Haute Cuisine, Pt. I: “Deconstructivist Cuisine”

I’ve always considered food to be the most direct connection to a culture, so in a 3-part blog series I’m going to cover cuisines that push the limit about what we come to expect from food, warping aesthetics, changing structure, taste, blending cultures, and making us question what’s edible. In this first part, “Deconstructivist Cuisine,” I’ll look at El Bulli as a case study and a shining example of this culinary movement.

It might seem strange writing a postmortem review of a restaurant I’ve never visited. El Bulli, which closed in July 2011, was arguably the most exclusive, inventive, and artistic gastronomic experience in the world. Nested in the Mediterranean foothills of Spain, nearest the municipality of Roses, it existed in one form or another since 1993. It was run by the Adrià brothers, Ferran and Albert, and a large team of top-tier chefs. The restaurant served a 33-course meal to the lucky few who managed to get a reservation years in advance.

An inside look of the restaurant from the film “Cooking in progress.”

El Bulli worked in a unique culinary style sometimes deemed “Molecular Gastronomy.” Ferran rejects this term, and refers to El Bulli’s style as “Deconstructionist.” His work seems to operate outside the cultural boundaries of Spanish culinary history in a worldly melange of ingredients, crafted with Spanish pride. Using advanced cross-disciplined scientific and culinary techniques, El Bulli managed to tell an enthralling narrative to the tastebuds. Chef Ferran Adrià has been compared to Willy Wonka, and it’s not a stretch: the dishes are manipulated, deconstructed with a sense of playful creative, unexpected genius. The following technologies have been used in the gastronomic and aesthetic preparation of the courses:

  • Carbon dioxide source, for adding bubbles and making foams
  • Foams, which can also be made with an immersion blender
  • Liquid nitrogen, for flash freezing and shattering
  • Ice cream maker, often used to make unusual flavors, including savory
  • Anti-griddle, for cooling and freezing
  • Thermal immersion circulator for sous-vide (low temperature cooking)
  • Food dehydrator
  • Centrifuge
  • Maltodextrin – can turn a high-fat liquid into a powder
  • Sugar substitutes
  • Enzymes
  • Lecithin – an emulsifier and non-stick agent
  • Hydrocolloids such as starch, gelatin, pectin, and natural gums – used as thickening agents, gelling agents, emulsifying agents, and stabilizers, sometimes needed for foams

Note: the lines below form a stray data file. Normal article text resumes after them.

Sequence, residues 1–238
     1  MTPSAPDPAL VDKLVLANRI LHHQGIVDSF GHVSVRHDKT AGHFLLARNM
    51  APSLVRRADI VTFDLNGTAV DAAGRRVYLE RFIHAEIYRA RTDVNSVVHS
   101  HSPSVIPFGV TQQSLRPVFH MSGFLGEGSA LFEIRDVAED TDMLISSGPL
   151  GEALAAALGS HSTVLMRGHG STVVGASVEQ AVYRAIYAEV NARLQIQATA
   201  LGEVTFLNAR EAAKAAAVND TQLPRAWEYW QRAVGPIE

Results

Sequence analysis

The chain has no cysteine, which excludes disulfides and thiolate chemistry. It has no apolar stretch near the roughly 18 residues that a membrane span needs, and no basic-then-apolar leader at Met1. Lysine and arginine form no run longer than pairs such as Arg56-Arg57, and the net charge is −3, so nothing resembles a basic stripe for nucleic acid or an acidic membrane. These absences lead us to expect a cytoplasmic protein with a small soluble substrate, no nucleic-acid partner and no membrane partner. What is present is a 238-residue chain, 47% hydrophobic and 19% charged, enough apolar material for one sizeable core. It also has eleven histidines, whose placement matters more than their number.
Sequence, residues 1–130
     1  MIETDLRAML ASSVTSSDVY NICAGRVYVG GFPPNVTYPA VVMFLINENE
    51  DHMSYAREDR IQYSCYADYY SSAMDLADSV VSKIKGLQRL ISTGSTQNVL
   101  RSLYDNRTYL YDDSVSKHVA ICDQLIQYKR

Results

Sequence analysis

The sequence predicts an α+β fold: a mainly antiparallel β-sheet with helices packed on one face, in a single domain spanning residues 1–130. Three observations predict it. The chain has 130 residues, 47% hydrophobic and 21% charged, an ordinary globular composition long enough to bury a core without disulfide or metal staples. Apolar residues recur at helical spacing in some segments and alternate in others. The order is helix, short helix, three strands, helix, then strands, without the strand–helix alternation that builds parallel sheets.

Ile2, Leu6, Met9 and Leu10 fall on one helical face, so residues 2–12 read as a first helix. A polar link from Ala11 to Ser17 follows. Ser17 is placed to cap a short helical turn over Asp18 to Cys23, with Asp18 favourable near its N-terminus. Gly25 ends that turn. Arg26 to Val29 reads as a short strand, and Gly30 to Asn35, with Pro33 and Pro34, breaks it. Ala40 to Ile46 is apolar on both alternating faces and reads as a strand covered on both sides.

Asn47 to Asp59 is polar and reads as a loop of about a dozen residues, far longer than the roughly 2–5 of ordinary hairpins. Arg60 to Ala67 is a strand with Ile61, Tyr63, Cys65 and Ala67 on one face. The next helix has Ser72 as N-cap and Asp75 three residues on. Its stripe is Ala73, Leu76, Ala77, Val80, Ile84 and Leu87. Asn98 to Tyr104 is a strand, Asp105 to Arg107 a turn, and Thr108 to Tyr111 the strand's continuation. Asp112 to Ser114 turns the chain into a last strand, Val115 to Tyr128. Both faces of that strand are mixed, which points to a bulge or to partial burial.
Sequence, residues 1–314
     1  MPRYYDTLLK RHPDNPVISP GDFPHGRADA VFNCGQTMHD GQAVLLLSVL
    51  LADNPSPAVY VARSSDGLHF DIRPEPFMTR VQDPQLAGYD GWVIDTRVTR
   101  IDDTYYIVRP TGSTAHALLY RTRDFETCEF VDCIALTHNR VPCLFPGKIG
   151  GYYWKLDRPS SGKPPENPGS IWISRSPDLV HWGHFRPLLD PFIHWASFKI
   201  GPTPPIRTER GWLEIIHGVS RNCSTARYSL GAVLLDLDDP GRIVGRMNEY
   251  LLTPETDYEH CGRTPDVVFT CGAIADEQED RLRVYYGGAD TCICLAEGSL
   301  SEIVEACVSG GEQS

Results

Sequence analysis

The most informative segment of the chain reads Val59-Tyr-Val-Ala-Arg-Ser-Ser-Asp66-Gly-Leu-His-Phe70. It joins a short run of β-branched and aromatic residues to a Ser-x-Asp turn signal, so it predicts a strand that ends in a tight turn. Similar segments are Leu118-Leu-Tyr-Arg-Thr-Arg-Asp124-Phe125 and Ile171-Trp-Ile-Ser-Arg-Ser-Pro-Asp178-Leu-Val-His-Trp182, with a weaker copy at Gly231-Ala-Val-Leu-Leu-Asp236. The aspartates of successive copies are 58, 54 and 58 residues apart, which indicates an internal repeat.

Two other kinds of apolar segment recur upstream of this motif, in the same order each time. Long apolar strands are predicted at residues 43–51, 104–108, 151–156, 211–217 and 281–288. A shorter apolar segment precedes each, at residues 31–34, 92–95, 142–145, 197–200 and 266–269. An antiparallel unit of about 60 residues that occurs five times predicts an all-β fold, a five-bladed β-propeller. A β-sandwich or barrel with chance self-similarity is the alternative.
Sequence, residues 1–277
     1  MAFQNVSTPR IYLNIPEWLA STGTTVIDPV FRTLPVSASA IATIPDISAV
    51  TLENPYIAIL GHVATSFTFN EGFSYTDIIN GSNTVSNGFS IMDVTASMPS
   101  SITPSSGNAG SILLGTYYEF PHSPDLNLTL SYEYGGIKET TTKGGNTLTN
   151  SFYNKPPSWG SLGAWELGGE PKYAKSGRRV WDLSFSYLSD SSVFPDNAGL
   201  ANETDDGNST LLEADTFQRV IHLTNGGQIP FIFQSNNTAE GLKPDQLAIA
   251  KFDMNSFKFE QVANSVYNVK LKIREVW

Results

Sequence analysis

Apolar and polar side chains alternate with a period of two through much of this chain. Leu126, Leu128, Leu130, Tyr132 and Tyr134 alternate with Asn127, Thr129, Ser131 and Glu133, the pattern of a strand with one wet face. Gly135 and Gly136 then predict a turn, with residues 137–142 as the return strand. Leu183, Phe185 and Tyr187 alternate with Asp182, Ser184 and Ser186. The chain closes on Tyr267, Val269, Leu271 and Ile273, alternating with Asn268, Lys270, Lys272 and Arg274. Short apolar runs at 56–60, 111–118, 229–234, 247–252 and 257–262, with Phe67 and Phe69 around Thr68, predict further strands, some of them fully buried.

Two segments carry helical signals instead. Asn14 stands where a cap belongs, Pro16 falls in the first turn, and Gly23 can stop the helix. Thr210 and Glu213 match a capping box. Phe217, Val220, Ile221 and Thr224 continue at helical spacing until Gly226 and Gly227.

• Transglutaminase – a protein binder, called meat glue
  • Spherification – a caviar-like effect
  • Syringe, for injecting unexpected fillings
  • Edible paper made from soybeans and potato starch, for use with edible fruit inks and an inkjet printer
  • Aromatic accompaniment: gases trapped in a bag, a serving device, or the food itself; an aromatic substance presented as a garnish or inedible tableware; or a smell produced by burning
  • Presentation style is often whimsical or avant-garde, and may include unusual serviceware
  • Unusual flavor combinations (food pairings) are favored, such as combining savory and sweet
  • Using ultrasound to achieve more precise cooking times


In the deconstructivist method, every element of the course is considered: taste, aesthetic, serving, timing and much more. Precision is paramount to everything: how the colors and aesthetics invite and defy expectations; how portions are served, composed and delivered; and how the dish changes throughout the passing of time on the plate and during the dining experience. The following are official photographs from one night at El Bulli, and the extensive courses that were enjoyed.

A Margarita served in a frozen snow cube.

Spherical Olives filled with an olive liquid.

Olive Oil Spring -- presented in a jewelry box atop Spanish salt. Eating instructions: Put the spring on your finger and eat it in one go, as it disappears in your mouth.

Mango discs - Two almost transparent yellow discs joined by an olive paste.

Carrot chips with lemon verbena, ginger, and liquorice.

Powdered yogurt cherries.

Melon with herbs and tender almonds served over crushed ice.

Parmesan marshmallows.

Adrià's version of Oreo cookies, made with salty olive dough and cream filling.

Popcorn cloud -- This 10 cm ball, in one bite shrinks to nothing but taste.

Melon caviar -- The caviar is turned into a sweet and juice imitation with a melon/passionfruit flavor. It is served packaged into El Bulli's copy of an Iranian caviar tin.

Coral shaped dark chocolate, coated by a sour raspberry powder.

Now that El Bulli has closed, I still maintain my curiosity for this pioneering culinary experience, and it’s still one of my life goals, to make a culinary pilgrimage and eat a meal prepared by the Adrià brothers.

We’d love to hear what you think. Have you eaten at El Bulli? Or any deconstructivist restaurant? Is deconstructivist cuisine destroying culinary history or reshaping it? How does it change our expectations for the future?

1. What’s All This We Hear about Molecular Gastronomy?”. Blackwell Synergy. 2006-08-02.
2. Cassi, Davide (February 2011), “Science and cooking: the era of molecular cuisine”, EMBO Reports (European Molecular Biology Organization)12: 191–6,doi:10.1038/embor.2011.18PMC 3059914,PMID 21331098
3. http://www.elbulli.info/gallery.htm (December 2012) “All about the most famous restaurant in the world”

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